Product(s) used in this publication: Specialty Peptides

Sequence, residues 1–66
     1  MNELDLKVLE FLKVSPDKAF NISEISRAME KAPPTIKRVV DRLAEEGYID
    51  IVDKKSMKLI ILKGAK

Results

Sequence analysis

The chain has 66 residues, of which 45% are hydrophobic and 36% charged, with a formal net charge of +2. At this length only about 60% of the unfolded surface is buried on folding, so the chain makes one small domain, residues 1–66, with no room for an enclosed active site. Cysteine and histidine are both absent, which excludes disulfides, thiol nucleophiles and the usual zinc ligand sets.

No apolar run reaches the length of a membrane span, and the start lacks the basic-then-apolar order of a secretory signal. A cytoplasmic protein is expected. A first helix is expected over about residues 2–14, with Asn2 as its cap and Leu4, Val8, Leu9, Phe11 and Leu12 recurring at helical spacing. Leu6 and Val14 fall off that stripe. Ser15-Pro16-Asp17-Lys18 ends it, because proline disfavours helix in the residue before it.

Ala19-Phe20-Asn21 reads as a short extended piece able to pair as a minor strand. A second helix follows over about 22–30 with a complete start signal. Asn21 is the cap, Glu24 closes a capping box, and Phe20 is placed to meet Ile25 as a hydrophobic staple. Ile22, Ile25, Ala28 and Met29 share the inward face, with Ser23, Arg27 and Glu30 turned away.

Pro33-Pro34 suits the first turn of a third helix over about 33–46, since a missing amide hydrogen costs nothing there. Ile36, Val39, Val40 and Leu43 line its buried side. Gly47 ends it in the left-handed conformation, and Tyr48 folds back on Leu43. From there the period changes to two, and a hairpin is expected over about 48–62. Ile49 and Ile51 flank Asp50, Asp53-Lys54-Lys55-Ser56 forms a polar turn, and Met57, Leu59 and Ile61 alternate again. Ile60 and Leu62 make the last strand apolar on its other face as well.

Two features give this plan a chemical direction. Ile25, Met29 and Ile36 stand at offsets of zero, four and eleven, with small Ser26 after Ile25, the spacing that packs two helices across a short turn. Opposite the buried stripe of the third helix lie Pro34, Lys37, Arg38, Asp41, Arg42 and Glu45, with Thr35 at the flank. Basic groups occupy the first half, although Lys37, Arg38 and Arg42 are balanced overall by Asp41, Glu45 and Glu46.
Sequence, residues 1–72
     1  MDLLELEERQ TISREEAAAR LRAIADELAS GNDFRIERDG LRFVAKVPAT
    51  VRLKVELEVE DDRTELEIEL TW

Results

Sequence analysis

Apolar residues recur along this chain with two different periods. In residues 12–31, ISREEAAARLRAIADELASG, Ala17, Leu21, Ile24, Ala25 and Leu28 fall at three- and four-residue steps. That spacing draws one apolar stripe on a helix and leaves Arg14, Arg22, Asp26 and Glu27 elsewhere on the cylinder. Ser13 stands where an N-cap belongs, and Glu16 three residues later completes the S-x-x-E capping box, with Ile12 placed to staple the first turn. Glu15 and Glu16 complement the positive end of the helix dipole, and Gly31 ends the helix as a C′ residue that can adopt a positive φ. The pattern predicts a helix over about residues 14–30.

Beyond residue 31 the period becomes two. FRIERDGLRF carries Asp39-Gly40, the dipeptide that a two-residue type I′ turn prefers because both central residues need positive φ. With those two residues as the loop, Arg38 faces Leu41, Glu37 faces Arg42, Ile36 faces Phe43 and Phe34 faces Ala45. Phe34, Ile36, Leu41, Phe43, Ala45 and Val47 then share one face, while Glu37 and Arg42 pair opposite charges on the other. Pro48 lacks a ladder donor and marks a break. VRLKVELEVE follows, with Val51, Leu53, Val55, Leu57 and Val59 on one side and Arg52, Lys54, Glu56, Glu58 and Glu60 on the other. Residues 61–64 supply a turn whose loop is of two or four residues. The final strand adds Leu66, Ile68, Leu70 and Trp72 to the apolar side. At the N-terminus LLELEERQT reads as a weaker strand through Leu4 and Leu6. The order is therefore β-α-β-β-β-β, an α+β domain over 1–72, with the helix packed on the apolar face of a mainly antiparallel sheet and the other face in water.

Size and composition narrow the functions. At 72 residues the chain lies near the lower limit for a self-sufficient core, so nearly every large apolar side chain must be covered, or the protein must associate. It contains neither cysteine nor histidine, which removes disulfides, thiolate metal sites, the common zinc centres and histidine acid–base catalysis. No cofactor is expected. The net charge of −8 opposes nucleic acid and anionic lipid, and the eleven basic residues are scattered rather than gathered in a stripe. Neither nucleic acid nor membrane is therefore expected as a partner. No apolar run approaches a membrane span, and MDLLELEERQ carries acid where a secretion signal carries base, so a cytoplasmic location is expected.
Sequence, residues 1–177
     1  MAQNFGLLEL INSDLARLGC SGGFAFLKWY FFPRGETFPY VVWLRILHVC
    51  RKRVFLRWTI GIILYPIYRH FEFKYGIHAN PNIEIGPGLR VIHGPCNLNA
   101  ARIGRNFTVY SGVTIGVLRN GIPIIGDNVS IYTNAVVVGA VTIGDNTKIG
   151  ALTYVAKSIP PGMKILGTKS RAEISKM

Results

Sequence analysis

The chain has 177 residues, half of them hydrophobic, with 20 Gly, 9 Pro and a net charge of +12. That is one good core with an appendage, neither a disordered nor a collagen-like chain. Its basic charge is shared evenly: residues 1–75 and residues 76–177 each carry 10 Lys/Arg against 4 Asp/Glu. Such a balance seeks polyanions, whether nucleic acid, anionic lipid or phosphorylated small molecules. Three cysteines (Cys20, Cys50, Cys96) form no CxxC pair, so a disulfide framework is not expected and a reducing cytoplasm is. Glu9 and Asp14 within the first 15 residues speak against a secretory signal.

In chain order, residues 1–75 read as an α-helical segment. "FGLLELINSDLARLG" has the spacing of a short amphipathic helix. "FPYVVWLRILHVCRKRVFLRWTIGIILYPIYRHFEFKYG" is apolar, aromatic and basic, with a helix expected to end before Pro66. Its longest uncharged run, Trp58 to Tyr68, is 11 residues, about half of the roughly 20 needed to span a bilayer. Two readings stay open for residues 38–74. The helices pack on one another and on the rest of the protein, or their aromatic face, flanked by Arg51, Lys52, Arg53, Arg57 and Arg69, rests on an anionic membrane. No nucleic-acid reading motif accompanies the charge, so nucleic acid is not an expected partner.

In this work, we exploited a method that uses polytopic membrane proteins as targets for phage display selections. Membrane proteins represent the largest class of drug targets and drug discovery is mostly based on the identification of ligands binding to target molecules. The screening of a phage display library for ligands against membrane proteins is typically hindered by the requirement of these proteins for a membrane environment, which is necessary to retain correct folding and epitope formation. Especially in proteins with multiple transmembrane domains, epitopes often are non-linear and consist of a combination of loops between transmembrane stretches of the proteins. Here, we have used bacteriorhodopsin (bR) as a model of polytopic membrane protein, assembled into nanoscale phospholipid bilayers, so called nanodiscs, to screen a phage display library for potential ligands. Nanodiscs provide a native-like environment to membrane proteins and thus selection of ligands can take place in a near physiological state. Screening a 12-mer phage display peptide library against bR nanodiscs led to the isolation of phage clones binding specifically to bR. We were further able to identify the binding site of selected phage clones proving that the clones bind to extramembranous, non-linear epitopes of bR. Thus, nanodiscs provide a suitable and general tool that allows screening of a phage display library against membrane proteins in a near native environment.